Our Bookseller says:
“This coming-of-age story about an eighteen-year-old reads like Holden Caulfield has been recast as a pregnant pizza delivery girl, given a dead alcoholic father and an infatuation with a woman her mother’s age, and all-in-all made far more interesting. Where Holden is all existential crisis masquerading as boys-will-be-boys ennui, Jane’s having an existential crisis AND her life is an actual disaster. This character-driven novel lives in the nuances of language, turns of phrase cutting through humor and darkness in one slash. The characters are traditionally unlikable (my favorite kind) and still sympathetic, their humanity on full display. Jane, for example, is both self-absorbed and stuck in the monotony of getting from one day to the next while grieving for her father, hating him, and emulating the worst of his traits. She is who she is even if she doesn’t know who she is, simple redemptive arcs absent. Much like a piping hot pizza, these characters and their choices and their lives are messy – and easily devoured in a single sitting.” – Miranda <3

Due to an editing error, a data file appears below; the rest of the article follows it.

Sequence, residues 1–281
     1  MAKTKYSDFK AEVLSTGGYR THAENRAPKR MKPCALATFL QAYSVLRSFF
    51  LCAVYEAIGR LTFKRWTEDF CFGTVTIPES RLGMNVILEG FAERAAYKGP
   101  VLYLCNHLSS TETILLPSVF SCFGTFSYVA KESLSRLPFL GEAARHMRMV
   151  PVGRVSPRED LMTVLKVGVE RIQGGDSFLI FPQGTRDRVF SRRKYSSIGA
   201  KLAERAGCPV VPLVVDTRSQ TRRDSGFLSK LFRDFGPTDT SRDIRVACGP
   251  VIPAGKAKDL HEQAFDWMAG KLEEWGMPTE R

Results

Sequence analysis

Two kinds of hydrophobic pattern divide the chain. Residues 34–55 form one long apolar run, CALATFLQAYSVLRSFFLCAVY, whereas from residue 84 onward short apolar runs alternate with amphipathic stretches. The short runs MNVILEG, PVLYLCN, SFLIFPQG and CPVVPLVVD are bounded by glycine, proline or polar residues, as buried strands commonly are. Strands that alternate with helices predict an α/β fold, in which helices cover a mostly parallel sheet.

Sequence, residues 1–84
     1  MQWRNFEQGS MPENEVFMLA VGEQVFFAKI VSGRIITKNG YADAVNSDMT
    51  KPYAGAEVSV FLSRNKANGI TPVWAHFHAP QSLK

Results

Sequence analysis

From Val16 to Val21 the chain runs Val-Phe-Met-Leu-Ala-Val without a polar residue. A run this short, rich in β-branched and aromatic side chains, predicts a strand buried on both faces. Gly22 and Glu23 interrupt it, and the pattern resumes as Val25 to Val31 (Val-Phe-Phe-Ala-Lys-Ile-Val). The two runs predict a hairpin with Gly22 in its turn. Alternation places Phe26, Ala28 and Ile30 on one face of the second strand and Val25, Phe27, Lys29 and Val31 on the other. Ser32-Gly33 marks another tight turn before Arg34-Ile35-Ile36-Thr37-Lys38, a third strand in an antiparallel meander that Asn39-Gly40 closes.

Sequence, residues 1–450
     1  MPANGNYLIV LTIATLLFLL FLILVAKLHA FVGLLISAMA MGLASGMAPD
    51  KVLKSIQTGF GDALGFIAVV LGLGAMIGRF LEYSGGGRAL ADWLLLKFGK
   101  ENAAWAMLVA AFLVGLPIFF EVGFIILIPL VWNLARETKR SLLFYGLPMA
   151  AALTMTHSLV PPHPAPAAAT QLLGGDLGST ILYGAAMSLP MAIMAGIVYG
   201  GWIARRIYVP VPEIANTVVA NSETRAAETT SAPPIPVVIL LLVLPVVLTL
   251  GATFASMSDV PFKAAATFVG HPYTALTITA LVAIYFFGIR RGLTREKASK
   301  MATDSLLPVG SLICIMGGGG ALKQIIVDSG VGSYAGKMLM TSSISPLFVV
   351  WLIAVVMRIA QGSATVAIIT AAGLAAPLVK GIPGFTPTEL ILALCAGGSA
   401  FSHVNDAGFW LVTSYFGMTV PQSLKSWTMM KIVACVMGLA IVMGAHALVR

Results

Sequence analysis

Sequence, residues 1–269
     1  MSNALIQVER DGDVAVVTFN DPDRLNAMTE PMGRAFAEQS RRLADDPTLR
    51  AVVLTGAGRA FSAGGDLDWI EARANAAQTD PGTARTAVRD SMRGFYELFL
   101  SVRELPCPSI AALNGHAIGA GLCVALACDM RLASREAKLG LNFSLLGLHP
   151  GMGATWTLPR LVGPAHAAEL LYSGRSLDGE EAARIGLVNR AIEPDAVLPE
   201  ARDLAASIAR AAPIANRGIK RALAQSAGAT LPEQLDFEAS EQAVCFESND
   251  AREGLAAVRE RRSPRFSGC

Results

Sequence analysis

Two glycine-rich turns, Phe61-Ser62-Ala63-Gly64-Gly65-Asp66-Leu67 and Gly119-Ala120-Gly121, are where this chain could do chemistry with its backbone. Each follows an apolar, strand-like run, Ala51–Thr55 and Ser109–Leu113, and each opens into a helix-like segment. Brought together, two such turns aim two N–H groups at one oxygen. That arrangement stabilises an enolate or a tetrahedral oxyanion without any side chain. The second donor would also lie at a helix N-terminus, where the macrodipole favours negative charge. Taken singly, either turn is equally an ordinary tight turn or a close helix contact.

Eighteen years old, pregnant, and working as a pizza delivery girl in suburban Los Angeles, our charmingly dysfunctional heroine is deeply lost and in complete denial about it all. She’s grieving the death of her father (whom she has more in common with than she’d like to admit), avoiding her supportive mom and loving boyfriend, and flagrantly ignoring her future.
Her world is further upended when she becomes obsessed with Jenny, a stay-at-home mother new to the neighborhood, who comes to depend on weekly deliveries of pickled-covered pizzas for her son’s happiness. As one woman looks toward motherhood and the other toward middle age, the relationship between the two begins to blur in strange, complicated, and ultimately heartbreaking ways.
Bold, tender, propulsive, and unexpected in countless ways, Jean Kyoung Frazier’s Pizza Girl is a moving and funny portrait of a flawed, unforgettable young woman as she tries to find her place in the world.